Plenity works by taking 3 capsules twice daily at lunch time and dinner with 16 ounces of water, the hydrogels of Plenity mix with food and water and expand in the stomach and gut to make one feel fuller and eat less at meals and throughout the day. Currently, there is no limit to how long one can continue Plenity and it is not habit forming. This medication although FDA approved and requiring a prescription is not covered by medical insurance and retails for approximately $98 a month. In clinical trials, 60% of patients taking Plenity lost 10% of their body weight, approximately 20 lbs, in 6 months.

The most common side effects for Plenity are GI related and include: diarrhea, gas and bloating, abdominal distention, and infrequent bowel movements. In comparison to clinical trials participants taking Plenity did not have more adverse events than participants taking placebo. Plenity is not recommended as first line treatment for obesity in patients with a BMI over 40.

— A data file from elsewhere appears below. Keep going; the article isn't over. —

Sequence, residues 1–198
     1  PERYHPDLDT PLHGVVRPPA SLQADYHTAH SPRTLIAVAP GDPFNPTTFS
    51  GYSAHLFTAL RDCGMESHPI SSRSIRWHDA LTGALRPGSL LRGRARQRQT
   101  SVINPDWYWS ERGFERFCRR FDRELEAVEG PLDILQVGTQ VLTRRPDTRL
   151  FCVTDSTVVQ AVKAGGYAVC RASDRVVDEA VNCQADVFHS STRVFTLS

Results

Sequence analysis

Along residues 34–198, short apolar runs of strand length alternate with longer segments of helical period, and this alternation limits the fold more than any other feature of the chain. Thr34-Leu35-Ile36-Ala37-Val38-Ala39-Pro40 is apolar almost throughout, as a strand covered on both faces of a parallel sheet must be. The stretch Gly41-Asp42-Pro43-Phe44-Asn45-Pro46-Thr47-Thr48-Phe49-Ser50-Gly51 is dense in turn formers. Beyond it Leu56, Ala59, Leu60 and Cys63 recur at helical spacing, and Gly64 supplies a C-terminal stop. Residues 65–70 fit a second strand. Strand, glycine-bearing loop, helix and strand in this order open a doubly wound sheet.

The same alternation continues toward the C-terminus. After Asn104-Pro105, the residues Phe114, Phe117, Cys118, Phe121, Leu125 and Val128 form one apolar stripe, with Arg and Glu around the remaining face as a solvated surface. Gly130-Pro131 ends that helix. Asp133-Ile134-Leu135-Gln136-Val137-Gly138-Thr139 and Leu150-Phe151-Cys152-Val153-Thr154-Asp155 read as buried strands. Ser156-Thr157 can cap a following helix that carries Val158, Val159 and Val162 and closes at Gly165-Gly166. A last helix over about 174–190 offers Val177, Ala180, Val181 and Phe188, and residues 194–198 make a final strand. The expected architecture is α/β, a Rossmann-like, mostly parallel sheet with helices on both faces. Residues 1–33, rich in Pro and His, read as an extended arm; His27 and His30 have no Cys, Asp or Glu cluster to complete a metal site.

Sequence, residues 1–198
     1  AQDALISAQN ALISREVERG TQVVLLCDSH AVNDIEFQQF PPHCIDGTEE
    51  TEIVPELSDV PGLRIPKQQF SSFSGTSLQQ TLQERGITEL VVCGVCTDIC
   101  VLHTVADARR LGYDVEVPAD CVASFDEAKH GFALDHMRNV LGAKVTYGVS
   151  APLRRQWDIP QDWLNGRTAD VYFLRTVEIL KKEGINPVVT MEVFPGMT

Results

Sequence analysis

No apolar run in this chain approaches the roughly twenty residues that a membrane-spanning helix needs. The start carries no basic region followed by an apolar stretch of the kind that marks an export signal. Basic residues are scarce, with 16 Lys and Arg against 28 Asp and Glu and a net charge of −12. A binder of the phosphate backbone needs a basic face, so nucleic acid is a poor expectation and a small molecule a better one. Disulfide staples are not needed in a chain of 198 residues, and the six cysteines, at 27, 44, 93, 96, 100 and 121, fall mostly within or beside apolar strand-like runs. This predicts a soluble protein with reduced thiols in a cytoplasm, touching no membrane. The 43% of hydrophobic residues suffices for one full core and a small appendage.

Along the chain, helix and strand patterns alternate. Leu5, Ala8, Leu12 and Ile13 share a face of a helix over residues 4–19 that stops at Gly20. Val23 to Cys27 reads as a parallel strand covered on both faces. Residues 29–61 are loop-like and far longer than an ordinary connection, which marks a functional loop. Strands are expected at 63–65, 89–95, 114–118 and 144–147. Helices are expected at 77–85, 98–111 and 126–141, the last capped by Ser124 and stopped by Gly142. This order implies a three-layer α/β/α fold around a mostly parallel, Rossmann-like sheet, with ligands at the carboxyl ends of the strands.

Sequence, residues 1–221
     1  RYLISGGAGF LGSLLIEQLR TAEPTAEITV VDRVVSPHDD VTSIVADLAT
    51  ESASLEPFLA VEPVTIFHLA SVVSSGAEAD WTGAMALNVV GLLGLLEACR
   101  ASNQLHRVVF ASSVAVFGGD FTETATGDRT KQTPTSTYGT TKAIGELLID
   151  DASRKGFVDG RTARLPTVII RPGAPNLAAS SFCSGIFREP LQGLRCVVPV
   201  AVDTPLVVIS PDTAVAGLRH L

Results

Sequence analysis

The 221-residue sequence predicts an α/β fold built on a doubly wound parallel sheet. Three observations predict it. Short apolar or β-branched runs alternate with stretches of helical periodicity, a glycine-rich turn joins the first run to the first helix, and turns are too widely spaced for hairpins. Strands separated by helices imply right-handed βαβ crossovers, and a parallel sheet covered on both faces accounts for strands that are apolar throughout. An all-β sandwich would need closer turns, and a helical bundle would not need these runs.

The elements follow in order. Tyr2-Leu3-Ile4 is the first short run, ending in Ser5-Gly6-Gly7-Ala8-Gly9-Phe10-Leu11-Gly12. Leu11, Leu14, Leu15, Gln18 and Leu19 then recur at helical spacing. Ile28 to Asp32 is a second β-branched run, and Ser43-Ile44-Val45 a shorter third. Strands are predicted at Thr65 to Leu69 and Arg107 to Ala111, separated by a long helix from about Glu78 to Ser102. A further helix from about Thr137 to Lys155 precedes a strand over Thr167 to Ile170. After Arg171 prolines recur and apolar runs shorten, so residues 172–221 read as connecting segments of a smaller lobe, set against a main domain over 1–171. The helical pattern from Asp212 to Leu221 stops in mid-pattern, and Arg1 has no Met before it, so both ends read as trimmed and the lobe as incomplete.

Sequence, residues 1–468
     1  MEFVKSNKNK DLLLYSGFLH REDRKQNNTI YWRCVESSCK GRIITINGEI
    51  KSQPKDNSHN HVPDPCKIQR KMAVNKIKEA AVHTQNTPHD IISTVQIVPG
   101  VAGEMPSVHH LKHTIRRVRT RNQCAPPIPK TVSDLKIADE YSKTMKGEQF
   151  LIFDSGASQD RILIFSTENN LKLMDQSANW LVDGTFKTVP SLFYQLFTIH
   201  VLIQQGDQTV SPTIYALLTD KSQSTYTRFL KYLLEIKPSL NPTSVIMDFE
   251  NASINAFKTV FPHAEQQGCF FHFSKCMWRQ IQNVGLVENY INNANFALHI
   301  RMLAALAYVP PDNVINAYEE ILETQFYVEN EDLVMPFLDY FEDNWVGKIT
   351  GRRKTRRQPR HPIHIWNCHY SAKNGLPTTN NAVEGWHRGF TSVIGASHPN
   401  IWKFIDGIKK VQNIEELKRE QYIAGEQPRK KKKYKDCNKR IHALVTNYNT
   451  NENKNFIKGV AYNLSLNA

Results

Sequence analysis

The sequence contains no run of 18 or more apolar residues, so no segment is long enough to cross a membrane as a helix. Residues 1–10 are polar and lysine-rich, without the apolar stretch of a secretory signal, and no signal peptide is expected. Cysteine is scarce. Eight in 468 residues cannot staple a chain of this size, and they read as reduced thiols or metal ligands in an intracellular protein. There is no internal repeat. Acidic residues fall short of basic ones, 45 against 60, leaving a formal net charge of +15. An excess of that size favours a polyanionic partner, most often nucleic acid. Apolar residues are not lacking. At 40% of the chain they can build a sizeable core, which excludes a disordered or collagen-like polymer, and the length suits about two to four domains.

Weight Loss Medication is Not a Magic Pillhow to lose fat

Weight loss medications are tools for weight loss that serve several purposes. Weight loss medications help with appetite, cravings, energy, and fat loss but they are NOT magic pills! All FDA approved weight loss medications require proper monitoring with a licensed medical doctor and are used along with healthy nutrition and exercise.


If you are looking to get started in a medical weight loss clinic in Charlotte NC or the surrounding area give us a call at 704-997-9661 or request an initial weight loss visit here.